In the twenty-first century we see the government's role as being a catalyst for the innovative economy. We will provide strategic leadership. We will facilitate, co-ordinate, broker, and partner, and we will fund where appropriate. We are moving to identify areas of our economy in which world class competitiveness is a real possibility where it is not already a reality. We will also provide leadership to ensure the growth we encourage is sustainable.

  Four sectors stand out as warranting strategic targeting. They are biotechnology, information and communications technology (ICT), creative industries, and environmental technologies. They have high potential for growth and require further investment and capability building.

  Other sectors have been identified for tactical targeting which builds on current capabilities and industry structures to achieve investment in chosen “sweet spots” or attractive niches. This approach relies on the deliberate application of marketing and/or deal brokering, and may include specific grants and incentives. Sectors identified for tactical targeting include education, tourism, food processing, wine, leisure marine, and professional services.

  A central component of the innovative New Zealand strategy is to build a network nation. We are currently developing policies to tap into our networks of expatriate New Zealanders. The idea is to ensure that these networks are closely connected with our country to create a virtual New Zealand. We want to facilitate interaction between local talent and global talent centres, and articulate the value proposition of investing in, living in, working in, and associating with the new New Zealand.

  Many of your companies have long-established linkages with New Zealand. Many of you have visited. For those who have not, let me spell out again some of our many attractive features:

  · We are a stable investment location with a strong record going back many years. We are an attractive proposition for those who seek security, high quality, and a robust legal framework.

  · We have world class clusters of companies and supporting infrastructure developing fast in biotechnology and IT, leisure marine, wood processing, and other areas

  · We are an easy and competitive place in which to do business. We have an efficient, market-oriented economy, a stable and secure business environment, and we are determinedly corruption-free. By first-world standards, our taxes are low.

  · We are well connected with the world because of our sophisticated communications access.

  · Finally, we are a superb place in which to live and work. Our clean, and uncluttered environment makes our lifestyle proposition one of the best in the world.

  Given this new course we are charting, it is not surprising that New Zealand is in the vanguard of APEC members which recognise the importance of international trade and facilitation. For a small economy like ours a key priority is increasing the size of the market for our goods. Comprehensive open trade agreements, like our recently negotiated economic partnership with Singapore, and that being discussed with Hong Kong, are important vehicles. We are keen to pursue other bilateral agreements.

  A high priority for us is a bilateral trade agreement between New Zealand and the United States. We believe both sides would win. It would also make good sense for the United States to negotiate a high quality agreement with New Zealand and our CER partner Australia together. Our two combined markets would be of greater value to the United States. From a strategic trade point of view we would all benefit from an agreement which spanned the Pacific and showed the way for other APEC economies, as we have advocated by linking New Zealand, Australia, Chile and Singapore in one agreement with the United States.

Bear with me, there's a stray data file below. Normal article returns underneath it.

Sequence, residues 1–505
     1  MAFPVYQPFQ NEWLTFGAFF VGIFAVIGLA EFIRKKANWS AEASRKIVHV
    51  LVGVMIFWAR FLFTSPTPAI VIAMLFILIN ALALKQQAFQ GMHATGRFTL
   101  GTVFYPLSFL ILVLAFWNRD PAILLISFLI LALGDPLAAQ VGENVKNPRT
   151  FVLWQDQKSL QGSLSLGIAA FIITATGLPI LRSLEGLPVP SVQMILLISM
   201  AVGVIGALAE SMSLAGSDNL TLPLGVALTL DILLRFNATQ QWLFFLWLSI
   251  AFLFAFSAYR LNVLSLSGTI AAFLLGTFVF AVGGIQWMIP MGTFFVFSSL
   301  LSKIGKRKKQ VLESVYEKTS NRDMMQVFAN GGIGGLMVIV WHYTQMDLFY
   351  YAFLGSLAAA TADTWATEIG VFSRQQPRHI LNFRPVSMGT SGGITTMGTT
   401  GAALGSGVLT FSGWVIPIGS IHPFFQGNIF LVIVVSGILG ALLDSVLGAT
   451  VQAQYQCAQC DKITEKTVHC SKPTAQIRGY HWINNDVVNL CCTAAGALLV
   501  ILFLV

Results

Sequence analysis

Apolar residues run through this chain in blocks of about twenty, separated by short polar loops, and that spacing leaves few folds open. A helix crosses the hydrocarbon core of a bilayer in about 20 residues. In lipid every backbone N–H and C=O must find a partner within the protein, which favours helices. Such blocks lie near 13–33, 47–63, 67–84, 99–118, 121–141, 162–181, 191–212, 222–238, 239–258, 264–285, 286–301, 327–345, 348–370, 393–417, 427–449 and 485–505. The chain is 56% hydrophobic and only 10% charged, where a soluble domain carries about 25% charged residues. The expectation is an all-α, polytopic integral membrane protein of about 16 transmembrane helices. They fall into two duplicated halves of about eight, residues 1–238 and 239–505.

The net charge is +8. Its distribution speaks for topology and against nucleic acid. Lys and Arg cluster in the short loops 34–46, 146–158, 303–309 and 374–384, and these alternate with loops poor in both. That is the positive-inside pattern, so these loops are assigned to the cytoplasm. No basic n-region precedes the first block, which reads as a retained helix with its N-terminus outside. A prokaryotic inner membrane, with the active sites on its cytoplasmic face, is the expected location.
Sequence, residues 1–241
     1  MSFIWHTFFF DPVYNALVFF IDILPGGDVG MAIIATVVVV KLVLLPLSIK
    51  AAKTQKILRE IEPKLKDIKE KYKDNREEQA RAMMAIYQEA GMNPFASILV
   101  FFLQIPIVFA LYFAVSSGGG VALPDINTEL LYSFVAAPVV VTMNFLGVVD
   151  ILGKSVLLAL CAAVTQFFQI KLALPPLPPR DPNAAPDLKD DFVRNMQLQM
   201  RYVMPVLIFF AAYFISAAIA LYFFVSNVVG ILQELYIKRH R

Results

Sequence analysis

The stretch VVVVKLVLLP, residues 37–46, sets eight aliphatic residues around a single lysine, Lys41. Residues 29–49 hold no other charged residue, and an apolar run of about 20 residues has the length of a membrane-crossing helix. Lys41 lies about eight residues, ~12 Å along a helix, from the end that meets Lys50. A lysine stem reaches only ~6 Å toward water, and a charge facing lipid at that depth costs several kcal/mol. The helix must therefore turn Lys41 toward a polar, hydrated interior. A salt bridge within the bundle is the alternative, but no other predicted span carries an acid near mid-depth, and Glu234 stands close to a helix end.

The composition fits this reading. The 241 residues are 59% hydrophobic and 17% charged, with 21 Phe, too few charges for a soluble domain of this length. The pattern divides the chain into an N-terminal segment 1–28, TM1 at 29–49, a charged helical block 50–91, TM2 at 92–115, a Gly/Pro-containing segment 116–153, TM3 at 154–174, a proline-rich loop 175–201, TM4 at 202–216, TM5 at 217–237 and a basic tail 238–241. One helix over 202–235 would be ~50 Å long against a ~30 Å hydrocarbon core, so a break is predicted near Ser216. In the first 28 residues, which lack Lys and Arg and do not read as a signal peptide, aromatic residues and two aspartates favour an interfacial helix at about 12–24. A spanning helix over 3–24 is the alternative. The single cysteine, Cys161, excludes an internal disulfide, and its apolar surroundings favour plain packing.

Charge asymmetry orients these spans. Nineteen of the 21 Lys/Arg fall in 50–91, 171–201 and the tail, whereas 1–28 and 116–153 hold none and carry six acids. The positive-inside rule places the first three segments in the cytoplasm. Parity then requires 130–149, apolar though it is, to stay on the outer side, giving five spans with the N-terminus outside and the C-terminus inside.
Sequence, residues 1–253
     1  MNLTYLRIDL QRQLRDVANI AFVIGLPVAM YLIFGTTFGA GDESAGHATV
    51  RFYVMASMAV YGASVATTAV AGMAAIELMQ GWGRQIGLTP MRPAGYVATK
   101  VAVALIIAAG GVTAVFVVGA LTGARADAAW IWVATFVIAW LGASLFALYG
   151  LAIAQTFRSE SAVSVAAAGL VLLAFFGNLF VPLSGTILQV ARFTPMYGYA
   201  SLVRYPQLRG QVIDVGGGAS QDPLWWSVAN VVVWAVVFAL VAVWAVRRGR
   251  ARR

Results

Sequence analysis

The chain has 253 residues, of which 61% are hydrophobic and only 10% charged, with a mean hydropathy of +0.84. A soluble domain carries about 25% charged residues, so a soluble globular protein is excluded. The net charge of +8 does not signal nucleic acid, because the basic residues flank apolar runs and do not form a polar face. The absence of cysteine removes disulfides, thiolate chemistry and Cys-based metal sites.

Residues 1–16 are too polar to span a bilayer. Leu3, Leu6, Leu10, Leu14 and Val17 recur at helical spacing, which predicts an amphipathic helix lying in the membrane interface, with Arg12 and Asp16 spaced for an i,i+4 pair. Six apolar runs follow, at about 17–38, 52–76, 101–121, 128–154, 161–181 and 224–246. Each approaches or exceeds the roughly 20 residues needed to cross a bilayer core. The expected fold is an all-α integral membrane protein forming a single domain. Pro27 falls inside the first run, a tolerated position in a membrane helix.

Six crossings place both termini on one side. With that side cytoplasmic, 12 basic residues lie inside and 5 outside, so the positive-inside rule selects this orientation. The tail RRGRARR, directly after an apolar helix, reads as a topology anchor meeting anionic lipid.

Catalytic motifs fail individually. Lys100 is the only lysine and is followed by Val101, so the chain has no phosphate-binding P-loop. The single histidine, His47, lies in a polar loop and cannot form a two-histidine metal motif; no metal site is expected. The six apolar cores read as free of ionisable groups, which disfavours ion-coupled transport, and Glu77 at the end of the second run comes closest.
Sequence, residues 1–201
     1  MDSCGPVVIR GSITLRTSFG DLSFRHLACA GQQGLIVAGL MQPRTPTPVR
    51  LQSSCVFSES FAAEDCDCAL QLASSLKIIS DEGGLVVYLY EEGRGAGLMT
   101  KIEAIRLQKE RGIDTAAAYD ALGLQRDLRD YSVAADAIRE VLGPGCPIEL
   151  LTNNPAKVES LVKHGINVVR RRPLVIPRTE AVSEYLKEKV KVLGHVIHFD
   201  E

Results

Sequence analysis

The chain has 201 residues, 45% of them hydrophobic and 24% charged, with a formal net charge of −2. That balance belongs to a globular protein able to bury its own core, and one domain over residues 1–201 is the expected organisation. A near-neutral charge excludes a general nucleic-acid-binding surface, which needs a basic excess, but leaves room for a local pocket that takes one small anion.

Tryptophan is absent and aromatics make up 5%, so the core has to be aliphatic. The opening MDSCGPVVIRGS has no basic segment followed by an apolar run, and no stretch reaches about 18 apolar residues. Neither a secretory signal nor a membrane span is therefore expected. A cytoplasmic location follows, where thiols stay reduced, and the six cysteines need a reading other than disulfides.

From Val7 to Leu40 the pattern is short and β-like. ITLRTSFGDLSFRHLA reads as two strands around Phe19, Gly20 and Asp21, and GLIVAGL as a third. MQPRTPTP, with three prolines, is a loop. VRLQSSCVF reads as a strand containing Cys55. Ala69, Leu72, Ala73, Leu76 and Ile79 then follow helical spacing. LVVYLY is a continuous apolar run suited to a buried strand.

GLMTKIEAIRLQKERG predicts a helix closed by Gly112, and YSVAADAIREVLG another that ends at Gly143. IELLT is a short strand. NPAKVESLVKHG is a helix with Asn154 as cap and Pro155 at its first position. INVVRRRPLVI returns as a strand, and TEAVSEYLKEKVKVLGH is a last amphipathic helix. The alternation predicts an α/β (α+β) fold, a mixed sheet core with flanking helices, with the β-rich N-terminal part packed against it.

A key political message which APEC must deliver this weekend is the importance of launching a new WTO Round. We can invigorate that process through our willingness to act at the bilateral, regional and sub-regional levels.

  New Zealand itself is not interested in low-quality trade agreements. We advocate comprehensive, “WTO-plus” agreements. They need to advance, not impede, both multilateralism and APEC's progress towards its goal of free and open trade and investment throughout the region.

  I value very much the contact which APEC makes possible in the region. Equally I value contact with business in New Zealand and internationally, including through this forum.

  APEC offers excellent models for co-operation between government and business. All of us appreciate the value that has been added by APEC's Business Advisory Council (ABAC), of which a number of you are members.

  New Zealand sees value in a similarly inclusive approach by APEC towards organised labour. Through informed and constructive input by labour representatives into the APEC agenda our work on human resource development and capacity-building would surely be enhanced. Exclusion ignites the fear that globalisation is one-sided in its effects, and the sense of grievance which that creates has acted to harm international meetings from Seattle to Genoa. Our government in New Zealand practises inclusion at home and will advocate it internationally.

  I would also like to see APEC raise the profile of its work on sustainable development. The organisation already does useful work through a number of its working groups. With the World Summit on Sustainable Development being held next year, APEC economies have the opportunity to make a major contribution by participating in the preparations and follow-up work.

  The voice of business will be important too. In New Zealand I believe the Business Council on Sustainable Development will play a key role in the development of our national sustainable development strategy.

  Many of you will be in the forefront of similar work in your own countries. I urge you all to give it priority so that when world leaders meet in Johannesburg next September we know that the corporate sector is engaged in the process. Making our economies both innovative and sustainable needs government, business, and community buy-in.

  In conclusion, can I say that while terrorism has cast its shadow over us all in recent weeks, it has also seen us redouble our determination to work together as an international community. Our world faces challenges which no nation can meet on its own. Global prosperity and stability, and environmental sustainability, can only be achieved by working together. The message to the terrorists must be that their actions are leading us to work even more closely together rather than tearing us apart. This new impetus for multilateralism will drive a new WTO round, as it will drive many other global dialogues and initiatives. That makes me very positive about the future of APEC and of my own nation, and about the partnerships we can build at all levels to secure our common future.